Wednesday, November 4, 2009

An old story - where it all began

Posting all those fruit eaters from around the world made me think of some of my favourite old birding haunts. I thought I should dig out some old slides and post a small series on Borneo, one of my favourite places. I am never satisfied that I can reproduce the quality of slides on screen, which is why I haven't done many post from South East Asia, the place where I learnt to bird. Thinking of posting about the Sundaic rainforests however made me realise that the best place to start might be at the beginning! That is, I should tell the story of where all this began, a story of a bird encounter that changed my life... As a kid, a chunk of my early childhood was spent in Australia and I fell in love with the colourful parrots and spectacular species like the Superb Lyrebird. Life however has a funny way of taking you on a tour of its own and I never became a birder per se as a young man. In fact, I had never heard of "birding" when I was a kid and a "bird-watcher" in Australia was a slang term for a pervert. People mostly thought I was crazy when I would go for walks in the bush to look at birds and I was teased endlessly at school and at home about it...

So, after a tumultuous adolescence I found myself wondering around the planet and learning languages. I thought my career would be in linguistics, mostly because that is what I was good at. But then I found myself teaching in a polytechnique in Singapore and finally having enough salary to dust off a childhood dream – wildlife photography. Now, wildlife photography had always held a lot of appeal but camera equipment and especially telephoto lenses were prohibitively expensive for me for most of my life. In Singapore, I found a secondhand 400mm/F5.6 lens and bought a new camera body – I was set.

So with my new camera I went for a walk in one of the very few remaining patches of primary lowland rainforest in Singapore and saw two beautiful large woodpeckers. With their black, white and red plumage and large size these birds were unmistakable. I managed to snap a few poor quality shots. The next day, I went to a library in my lunch hour and got out a book called Birds of Singapore. On the inside front cover was a drawing of what was obviously the same species of woodpecker that I had photographed - the caption read “White-bellied Woodpecker, probably extinct in Singapore”. So this was a major find and in many ways I was like a kid again with a child’s delusions of grandeur. I made some calls and finally found the right people at the Singapore Naturalists Society who told me that since the publication of that book, a pair had been found but that the female had subsequently disappeared and not been seen in 18 months. Well, I had photos, albeit poor, of both the male and the female (red malar stripe on male) and so arranged to show this person my photos. Basically, that set in motion an uncontrollable chain reaction that would eventually lead to a complete change in career path. After being adopted by a community of birders, I started to realise what I had been missing out on for most of my life. With a childhood passion rekindled, I began making regular trips to observe and photograph birds and then making special trips to see particular species, and eventually I changed my studies from linguistics to environmental science and ended up returning to Canada, the country of my birth, and completing a PhD in environmental science and going on to find employment as an avian biologist. That’s the whirlwind version of the story – for it was a long and winding road – but why not share a very poor quality photo - the photo of that female White-bellied Woodpecker who changed my life (you can also see my photography skills have improved a tad)… I really would like to thank her!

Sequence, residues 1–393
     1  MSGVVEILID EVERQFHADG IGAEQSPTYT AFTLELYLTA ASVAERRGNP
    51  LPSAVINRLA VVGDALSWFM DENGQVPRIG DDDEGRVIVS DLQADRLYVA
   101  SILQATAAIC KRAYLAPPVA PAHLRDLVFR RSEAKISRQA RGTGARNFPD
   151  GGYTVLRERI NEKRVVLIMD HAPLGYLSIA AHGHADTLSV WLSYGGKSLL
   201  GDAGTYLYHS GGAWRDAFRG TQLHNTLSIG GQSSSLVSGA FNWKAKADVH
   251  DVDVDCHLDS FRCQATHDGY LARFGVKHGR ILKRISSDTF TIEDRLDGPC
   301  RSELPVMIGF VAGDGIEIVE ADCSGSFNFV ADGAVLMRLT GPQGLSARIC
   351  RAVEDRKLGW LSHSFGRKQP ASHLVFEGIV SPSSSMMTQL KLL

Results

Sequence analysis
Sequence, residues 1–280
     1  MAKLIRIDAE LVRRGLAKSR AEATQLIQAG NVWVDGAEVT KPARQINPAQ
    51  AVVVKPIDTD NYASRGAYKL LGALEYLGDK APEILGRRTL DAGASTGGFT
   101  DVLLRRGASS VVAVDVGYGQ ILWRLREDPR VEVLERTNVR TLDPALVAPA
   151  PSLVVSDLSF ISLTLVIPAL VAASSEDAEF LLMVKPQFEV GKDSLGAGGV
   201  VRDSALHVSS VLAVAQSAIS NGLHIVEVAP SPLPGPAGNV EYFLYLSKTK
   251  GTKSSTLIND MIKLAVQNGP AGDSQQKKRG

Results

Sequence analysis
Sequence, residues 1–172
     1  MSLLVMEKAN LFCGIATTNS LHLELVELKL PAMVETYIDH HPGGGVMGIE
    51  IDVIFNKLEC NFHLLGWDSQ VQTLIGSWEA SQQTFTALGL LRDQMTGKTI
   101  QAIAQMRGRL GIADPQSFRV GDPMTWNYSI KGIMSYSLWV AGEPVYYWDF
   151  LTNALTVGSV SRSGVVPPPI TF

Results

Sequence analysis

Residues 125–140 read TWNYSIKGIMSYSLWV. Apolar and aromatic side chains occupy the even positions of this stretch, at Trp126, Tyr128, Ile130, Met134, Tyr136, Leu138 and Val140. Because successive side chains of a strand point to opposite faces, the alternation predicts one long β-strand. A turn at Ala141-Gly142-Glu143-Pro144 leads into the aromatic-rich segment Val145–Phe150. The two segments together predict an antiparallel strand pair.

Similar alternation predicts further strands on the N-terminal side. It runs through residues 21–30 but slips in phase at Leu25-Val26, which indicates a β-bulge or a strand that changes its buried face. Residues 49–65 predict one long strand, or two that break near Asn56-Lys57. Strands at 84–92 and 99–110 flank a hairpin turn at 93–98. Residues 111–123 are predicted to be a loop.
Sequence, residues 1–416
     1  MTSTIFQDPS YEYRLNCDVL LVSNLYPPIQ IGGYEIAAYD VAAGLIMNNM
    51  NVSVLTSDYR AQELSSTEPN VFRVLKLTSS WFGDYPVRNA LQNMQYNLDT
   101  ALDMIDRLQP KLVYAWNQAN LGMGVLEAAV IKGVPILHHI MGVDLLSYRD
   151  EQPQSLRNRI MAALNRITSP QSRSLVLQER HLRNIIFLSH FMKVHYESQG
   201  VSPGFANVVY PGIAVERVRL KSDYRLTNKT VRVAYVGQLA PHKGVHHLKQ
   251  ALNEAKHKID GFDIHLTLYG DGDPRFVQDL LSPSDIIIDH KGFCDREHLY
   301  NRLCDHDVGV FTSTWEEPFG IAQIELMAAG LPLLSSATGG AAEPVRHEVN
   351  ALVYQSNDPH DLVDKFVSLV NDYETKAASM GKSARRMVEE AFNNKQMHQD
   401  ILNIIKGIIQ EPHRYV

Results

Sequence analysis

1. WOW,that is a fascinating story.It is amazing how one seemingly unimportant event can lead one down a career path.I guess this picture really is 'worth a thousand words'.

  2. That is an incredible way to start a life long interest in birds Christian. Wonderful memory.


Nature Blog Network Birdwatching Blogs - BlogCatalog Blog Directory Fatbirder's Top 500 Birding Websites